Am Fam Physician. 2002 Jan 15;65(2):309-310.
Physicians frequently order repeat blood cultures for hospitalized patients on antibiotic therapy who have a persistent fever. The rationale for this step is to identify any new pathogen that may have arisen or one that was not identified on the initial blood culture performed before starting antibiotic therapy. Grace and colleagues present the results of a retrospective analysis of repeat blood cultures obtained from patients within 72 hours of antibiotic administration at a tertiary-care, university-based hospital.
Charts were reviewed for 1,446 patients with positive blood cultures, of which 139 (9 percent) qualified for analysis because pre-antibiotic and repeat blood cultures were available. Neutropenic patients, those in the intensive care unit, and any patients with antibiotic use before hospitalization were excluded.
In the 83 patients (60 percent) with initially negative blood cultures, none of the repeat blood cultures revealed any pathogen. The remaining 56 patients with initially positive blood cultures had varying likelihoods of positive repeat blood cultures, depending on the initial pathogen identified. In all patients except one, the pathogen seen on repeat culture was identical to the one present in the initial pre-antibiotic culture. The likelihood of a repeat positive blood culture was not increased with advanced age, higher fever, or higher white blood cell count. The strongest predictors of a repeat positive blood culture were identification of Staphylococcus aureus on the initial culture or presence of endocarditis.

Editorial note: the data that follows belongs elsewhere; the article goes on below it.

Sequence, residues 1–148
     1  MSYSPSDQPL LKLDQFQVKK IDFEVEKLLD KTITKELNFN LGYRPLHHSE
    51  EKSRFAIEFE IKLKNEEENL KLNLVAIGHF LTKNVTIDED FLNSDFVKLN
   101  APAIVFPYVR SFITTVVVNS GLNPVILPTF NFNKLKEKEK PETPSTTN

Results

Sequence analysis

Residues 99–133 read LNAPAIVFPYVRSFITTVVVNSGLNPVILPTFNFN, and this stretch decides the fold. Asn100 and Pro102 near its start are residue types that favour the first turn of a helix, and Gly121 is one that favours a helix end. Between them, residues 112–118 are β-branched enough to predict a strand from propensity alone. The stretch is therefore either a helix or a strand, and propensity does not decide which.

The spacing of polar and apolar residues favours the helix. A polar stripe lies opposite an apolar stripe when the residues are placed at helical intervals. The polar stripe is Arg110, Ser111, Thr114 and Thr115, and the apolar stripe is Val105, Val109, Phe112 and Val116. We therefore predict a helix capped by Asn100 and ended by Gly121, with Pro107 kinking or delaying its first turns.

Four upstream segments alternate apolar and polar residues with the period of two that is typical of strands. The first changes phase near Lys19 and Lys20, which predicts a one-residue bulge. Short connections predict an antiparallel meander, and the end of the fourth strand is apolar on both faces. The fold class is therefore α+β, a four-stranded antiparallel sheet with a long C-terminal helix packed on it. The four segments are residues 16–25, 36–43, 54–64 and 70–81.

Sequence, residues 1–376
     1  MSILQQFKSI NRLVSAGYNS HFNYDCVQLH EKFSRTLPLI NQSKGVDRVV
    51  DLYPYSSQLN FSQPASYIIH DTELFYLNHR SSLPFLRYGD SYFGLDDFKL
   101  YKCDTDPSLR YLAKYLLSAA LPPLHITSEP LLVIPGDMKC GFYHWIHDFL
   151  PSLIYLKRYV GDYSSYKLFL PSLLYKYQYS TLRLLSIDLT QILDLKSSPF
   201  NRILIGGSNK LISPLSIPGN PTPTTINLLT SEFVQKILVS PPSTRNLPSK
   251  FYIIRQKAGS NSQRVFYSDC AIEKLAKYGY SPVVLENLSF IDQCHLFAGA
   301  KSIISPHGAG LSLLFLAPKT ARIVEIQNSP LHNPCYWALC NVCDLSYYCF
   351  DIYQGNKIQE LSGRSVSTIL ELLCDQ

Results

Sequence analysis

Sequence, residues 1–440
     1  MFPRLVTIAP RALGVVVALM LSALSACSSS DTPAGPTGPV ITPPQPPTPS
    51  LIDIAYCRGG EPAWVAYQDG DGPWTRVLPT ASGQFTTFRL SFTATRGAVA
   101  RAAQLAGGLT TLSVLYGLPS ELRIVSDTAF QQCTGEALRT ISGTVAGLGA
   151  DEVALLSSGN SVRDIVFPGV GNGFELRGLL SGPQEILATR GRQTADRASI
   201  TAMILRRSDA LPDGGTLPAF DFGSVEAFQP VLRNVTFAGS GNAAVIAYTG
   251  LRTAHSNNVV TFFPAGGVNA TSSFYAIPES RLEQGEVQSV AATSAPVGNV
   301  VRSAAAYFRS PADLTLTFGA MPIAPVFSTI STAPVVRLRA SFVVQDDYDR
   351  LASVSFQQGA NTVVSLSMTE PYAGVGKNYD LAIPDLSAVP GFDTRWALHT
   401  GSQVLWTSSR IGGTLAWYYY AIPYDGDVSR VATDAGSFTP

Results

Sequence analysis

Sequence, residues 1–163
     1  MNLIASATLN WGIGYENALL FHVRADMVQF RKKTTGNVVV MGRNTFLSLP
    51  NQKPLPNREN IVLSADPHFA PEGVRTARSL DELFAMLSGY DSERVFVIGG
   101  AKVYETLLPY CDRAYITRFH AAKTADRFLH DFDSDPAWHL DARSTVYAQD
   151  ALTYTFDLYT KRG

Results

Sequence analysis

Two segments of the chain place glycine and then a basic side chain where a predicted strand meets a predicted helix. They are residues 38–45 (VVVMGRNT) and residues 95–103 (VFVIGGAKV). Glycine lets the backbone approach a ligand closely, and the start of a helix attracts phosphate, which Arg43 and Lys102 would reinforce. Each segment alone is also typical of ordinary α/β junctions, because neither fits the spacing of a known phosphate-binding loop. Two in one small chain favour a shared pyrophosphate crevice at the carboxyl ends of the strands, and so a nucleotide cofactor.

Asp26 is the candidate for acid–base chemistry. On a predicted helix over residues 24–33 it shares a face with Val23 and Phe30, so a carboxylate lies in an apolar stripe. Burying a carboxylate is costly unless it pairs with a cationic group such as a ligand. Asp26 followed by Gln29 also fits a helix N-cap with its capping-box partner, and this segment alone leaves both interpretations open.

The authors conclude that repeating blood cultures within 72 hours of administering antibiotic therapy is highly unlikely to isolate any new or missed pathogen. They suggest that physicians wait for the results of the initial pre-antibiotic blood culture rather than order repeat blood cultures in response to a persistent fever.
Grace CJ, et al. Usefulness of blood culture for hospitalized patients who are receiving antibiotic therapy. Clin Infect Dis. June 1, 2001;32:1651–5.
Copyright © 2002 by the American Academy of Family Physicians.
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